THE RECTOR'S MESSAGE Tuesday, 9 June 2020
Included in today's update: A Message from Father Keith, Parishioner Insights to current events, Dine & Donate, Congrats to Our Grads, Invitation to a Faith & Leadership Webinar, Belfry Bargains Update, Recipes Needed for our Quarantine Cookbook, and more....
FROM THE RECTOR
Tuesday, 9 June 2020
Like you, the events and images of the past two weeks have resulted in tears, a heavy sadness, and feelings of anger and frustration. As a nation, we have been here before - on far too many occasions - but this time feels different, somehow. I pray that is so.
Several of you have shared insights and wise words with me over these days, and I am most grateful to have been in dialogue with you. I share some of these with all of you because, quite frankly, they are much more eloquent than anything I have tried to put together . . .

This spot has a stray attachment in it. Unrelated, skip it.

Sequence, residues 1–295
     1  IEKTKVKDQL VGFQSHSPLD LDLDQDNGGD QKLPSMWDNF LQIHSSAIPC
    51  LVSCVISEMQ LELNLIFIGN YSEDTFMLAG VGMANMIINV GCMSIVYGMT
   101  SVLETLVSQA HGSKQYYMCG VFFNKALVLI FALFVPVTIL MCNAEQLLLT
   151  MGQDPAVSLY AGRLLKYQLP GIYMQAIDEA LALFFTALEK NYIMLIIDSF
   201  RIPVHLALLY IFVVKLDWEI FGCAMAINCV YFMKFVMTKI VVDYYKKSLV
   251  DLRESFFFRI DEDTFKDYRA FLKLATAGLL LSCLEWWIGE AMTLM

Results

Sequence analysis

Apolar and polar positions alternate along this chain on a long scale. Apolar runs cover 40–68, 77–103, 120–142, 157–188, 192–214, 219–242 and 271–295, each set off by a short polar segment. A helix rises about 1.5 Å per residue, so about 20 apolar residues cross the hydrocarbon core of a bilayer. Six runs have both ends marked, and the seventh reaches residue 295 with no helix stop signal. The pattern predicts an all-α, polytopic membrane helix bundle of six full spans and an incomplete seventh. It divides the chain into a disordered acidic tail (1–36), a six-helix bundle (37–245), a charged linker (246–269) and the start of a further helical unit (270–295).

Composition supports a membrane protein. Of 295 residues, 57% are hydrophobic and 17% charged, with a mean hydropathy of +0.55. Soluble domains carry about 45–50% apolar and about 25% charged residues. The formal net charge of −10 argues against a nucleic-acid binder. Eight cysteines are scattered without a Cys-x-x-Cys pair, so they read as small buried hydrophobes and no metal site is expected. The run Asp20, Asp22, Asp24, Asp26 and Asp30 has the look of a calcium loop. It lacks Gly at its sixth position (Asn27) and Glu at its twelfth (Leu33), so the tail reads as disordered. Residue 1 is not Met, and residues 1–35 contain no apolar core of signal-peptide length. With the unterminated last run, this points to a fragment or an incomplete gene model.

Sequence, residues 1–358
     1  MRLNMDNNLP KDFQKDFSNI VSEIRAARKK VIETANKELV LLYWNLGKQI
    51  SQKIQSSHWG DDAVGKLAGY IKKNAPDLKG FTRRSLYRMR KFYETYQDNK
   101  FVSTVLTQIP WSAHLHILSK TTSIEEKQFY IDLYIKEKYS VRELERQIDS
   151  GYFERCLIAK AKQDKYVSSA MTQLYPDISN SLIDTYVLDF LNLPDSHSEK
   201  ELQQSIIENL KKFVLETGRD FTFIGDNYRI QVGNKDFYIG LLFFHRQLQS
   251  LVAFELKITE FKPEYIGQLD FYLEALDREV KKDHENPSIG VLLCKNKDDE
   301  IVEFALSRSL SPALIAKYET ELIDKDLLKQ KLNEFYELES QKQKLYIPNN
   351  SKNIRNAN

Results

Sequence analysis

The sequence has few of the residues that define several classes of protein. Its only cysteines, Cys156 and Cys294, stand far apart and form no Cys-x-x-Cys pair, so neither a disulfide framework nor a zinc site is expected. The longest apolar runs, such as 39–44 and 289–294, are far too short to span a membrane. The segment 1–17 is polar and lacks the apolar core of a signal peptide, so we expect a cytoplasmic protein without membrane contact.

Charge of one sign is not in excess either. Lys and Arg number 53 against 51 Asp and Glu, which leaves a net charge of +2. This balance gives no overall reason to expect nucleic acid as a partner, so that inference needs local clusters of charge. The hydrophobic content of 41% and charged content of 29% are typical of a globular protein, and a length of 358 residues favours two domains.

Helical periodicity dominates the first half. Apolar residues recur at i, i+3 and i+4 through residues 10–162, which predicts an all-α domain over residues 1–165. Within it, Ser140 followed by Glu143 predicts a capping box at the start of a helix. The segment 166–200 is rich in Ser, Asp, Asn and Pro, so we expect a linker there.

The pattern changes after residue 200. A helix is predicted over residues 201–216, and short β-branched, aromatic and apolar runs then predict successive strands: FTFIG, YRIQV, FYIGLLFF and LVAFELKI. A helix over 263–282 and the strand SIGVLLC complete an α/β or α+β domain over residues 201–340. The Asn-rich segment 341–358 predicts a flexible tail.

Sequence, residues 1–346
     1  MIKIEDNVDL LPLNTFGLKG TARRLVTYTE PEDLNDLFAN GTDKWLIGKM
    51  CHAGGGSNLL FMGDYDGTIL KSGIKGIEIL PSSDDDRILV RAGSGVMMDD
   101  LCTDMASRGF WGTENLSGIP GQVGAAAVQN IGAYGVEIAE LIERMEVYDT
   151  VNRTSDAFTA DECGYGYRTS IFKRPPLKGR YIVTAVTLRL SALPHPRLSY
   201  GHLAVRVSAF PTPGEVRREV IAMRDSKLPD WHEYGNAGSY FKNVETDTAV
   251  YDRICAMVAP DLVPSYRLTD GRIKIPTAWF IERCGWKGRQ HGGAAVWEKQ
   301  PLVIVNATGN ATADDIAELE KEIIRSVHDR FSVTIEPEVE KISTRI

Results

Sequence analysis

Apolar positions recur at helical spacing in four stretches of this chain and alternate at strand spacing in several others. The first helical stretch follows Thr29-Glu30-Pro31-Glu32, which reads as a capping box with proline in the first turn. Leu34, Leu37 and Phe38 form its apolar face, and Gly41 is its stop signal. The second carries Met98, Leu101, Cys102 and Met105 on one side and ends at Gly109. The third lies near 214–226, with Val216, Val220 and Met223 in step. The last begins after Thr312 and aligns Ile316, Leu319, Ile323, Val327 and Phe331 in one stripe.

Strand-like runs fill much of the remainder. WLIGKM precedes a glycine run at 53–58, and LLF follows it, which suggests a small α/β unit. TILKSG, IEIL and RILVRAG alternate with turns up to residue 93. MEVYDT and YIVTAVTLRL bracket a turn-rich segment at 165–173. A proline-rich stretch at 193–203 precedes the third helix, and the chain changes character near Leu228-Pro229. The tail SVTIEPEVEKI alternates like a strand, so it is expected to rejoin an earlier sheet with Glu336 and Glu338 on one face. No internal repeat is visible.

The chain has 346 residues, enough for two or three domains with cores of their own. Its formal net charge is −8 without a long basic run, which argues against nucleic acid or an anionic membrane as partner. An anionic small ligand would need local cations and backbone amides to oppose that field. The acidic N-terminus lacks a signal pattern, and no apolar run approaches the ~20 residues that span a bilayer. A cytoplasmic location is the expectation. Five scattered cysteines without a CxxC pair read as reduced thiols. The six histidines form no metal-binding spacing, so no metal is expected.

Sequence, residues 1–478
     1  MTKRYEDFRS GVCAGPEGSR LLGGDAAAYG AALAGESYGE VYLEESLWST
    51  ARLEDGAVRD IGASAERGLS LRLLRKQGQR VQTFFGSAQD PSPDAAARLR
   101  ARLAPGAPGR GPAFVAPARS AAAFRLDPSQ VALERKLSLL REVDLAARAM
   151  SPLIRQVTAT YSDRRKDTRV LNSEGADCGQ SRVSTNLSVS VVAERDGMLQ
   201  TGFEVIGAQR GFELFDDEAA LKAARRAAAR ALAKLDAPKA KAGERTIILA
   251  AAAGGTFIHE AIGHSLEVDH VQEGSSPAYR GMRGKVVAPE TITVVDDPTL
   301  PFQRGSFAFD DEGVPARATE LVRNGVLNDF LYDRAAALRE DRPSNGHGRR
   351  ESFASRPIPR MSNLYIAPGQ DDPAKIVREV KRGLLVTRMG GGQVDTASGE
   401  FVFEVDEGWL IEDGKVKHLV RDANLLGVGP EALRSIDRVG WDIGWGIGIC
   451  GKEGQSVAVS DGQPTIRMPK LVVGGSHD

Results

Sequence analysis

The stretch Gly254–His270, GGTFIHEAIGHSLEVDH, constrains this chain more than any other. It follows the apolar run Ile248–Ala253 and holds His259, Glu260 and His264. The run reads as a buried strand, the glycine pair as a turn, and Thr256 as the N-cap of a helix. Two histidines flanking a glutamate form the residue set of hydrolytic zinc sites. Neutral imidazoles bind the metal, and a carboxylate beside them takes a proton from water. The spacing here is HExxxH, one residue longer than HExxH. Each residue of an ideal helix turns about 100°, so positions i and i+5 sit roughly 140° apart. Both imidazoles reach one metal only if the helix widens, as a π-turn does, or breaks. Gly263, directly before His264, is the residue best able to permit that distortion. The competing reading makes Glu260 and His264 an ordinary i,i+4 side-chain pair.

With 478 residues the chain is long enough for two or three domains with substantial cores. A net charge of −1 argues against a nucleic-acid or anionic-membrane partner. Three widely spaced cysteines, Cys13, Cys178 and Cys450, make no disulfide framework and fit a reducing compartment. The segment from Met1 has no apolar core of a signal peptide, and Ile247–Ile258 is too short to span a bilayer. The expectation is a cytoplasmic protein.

The racist system and structures that permeate every facet of life in the United States including health care, employment, education, wealth, the criminal justice system and housing infects our churches as well. In the face of these injustices we often embody the words of the prophet Jeremiah by treating “the wound of God’s people carelessly, saying ‘peace, peace’ when there is no peace” because there is no justice. (Jeremiah 6:14) The devastating effects of racism are many and every time we forget that each person is made in the image of God, we are all harmed. We have witnessed the murder of African Americans numerous times in the past in this country and it seems when the protests pass, we go back to our old ways and progress gained becomes lost. Ideas and systems that support white supremacy continue unchecked in our churches, communities and national politics. Human suffering among people of color that we have witnessed recently, as a result of the COVID-19 pandemic, is yet another reminder of the inequities in our racist society that has continued because we have been slow to work for justice.